1911 Encyclopædia Britannica/Barèges
|←Bardsey||1911 Encyclopædia Britannica, Volume 3
|See also Barèges on Wikipedia; and our 1911 Encyclopædia Britannica disclaimer.|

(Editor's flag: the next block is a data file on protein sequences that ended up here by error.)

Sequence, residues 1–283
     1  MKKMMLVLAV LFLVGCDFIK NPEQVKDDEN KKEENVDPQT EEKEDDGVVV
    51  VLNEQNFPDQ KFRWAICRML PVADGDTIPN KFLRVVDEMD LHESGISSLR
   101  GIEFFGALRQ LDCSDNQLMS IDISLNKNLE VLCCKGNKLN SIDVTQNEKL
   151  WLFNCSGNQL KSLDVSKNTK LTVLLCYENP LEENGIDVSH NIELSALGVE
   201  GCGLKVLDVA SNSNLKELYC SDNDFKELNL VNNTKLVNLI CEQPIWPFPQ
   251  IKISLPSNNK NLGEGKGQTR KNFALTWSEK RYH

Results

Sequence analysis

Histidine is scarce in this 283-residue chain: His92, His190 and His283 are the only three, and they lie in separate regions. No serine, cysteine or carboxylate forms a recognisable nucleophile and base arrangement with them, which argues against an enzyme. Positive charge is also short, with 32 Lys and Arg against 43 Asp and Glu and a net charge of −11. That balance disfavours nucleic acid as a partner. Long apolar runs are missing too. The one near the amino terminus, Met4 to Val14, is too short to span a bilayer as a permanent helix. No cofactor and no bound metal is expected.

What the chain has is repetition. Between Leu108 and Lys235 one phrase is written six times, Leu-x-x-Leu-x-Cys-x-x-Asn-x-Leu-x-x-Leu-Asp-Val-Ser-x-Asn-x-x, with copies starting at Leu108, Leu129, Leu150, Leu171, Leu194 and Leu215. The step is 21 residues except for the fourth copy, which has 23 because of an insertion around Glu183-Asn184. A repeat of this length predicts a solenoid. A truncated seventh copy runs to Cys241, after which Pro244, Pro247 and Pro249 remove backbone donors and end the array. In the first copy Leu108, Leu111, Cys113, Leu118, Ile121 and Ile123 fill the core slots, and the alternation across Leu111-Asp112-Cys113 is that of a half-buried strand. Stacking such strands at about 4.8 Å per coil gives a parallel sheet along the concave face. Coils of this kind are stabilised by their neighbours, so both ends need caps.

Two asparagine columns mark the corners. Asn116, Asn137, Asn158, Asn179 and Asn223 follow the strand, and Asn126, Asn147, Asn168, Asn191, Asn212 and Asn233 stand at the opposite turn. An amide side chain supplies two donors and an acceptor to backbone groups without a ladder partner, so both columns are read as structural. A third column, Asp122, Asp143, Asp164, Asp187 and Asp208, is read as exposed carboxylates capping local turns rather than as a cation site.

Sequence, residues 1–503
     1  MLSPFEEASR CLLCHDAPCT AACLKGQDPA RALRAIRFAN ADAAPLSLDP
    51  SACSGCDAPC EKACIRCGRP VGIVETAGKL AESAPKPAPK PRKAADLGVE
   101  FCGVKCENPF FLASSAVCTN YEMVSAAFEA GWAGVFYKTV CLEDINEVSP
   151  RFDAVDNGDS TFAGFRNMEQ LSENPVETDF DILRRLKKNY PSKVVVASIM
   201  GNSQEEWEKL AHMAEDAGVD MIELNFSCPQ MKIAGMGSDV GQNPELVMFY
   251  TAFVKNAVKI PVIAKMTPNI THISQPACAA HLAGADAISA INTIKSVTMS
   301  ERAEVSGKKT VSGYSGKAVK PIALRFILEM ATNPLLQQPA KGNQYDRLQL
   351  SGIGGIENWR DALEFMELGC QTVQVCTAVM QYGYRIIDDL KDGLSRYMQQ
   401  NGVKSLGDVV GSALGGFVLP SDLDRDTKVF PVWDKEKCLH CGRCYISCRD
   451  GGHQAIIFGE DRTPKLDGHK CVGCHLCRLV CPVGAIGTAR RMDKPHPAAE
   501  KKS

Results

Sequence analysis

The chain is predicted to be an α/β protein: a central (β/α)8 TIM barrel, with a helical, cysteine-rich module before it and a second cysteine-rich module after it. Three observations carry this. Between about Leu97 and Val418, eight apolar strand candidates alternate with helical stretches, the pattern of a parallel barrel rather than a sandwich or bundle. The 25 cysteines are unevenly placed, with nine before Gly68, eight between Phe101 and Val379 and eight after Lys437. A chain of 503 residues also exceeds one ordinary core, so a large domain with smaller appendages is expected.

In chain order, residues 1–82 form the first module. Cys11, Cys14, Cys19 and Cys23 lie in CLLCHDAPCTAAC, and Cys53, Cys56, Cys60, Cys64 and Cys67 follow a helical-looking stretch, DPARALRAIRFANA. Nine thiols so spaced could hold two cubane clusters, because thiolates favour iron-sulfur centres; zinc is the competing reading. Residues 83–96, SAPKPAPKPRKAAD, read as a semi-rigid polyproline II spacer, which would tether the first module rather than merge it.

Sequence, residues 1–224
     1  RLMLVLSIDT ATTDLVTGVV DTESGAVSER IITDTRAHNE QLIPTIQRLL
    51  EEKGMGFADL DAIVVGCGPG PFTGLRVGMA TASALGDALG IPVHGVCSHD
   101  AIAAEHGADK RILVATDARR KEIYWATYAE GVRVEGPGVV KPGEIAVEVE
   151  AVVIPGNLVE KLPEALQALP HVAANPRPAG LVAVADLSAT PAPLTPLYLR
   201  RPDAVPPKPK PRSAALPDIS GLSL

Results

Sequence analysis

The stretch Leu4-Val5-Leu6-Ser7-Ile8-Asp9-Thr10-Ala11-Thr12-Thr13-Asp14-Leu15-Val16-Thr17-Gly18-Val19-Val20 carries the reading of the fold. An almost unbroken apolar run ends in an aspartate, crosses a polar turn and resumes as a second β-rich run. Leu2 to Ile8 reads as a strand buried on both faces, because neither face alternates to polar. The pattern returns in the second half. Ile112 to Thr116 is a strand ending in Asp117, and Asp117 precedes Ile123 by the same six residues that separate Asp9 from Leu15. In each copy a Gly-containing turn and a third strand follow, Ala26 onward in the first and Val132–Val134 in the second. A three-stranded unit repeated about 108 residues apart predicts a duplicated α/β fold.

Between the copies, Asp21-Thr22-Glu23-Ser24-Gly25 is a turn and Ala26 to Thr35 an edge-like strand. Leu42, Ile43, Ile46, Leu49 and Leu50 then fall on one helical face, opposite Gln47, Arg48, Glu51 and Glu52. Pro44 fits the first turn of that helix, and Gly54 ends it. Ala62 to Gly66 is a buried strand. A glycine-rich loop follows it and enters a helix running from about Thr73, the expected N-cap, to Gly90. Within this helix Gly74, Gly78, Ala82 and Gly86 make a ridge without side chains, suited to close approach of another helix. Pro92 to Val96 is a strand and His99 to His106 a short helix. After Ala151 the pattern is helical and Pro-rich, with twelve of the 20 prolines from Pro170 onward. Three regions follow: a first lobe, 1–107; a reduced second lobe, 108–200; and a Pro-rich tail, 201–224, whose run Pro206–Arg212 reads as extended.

BARÈGES, a town of south-western France, in the department of Hautes-Pyrénées, in the valley of the Bastan, 25 m. S.S.W. of Bagnères-de-Bigorre by road. The town, which is situated at an altitude of 4040 ft., is hardly inhabited in the winter. It is celebrated for its warm sulphurous springs (75° to 111° F.), which first became generally known in 1675 when they were visited by Madame de Maintenon and the duke of Maine, son of Louis XIV. The waters, which are used for drinking and in baths, are efficacious in the treatment of wounds and ulcers and in cases of scrofula, gout, skin diseases, &c. There is a military hospital, founded in 1760. The town was formerly much exposed to avalanches and floods, which are now less frequent owing to the construction of embankments and replanting of the hillsides. It is a centre for mountain excursions. The light silk and wool fabric called barège takes its name from the place, where it was first made.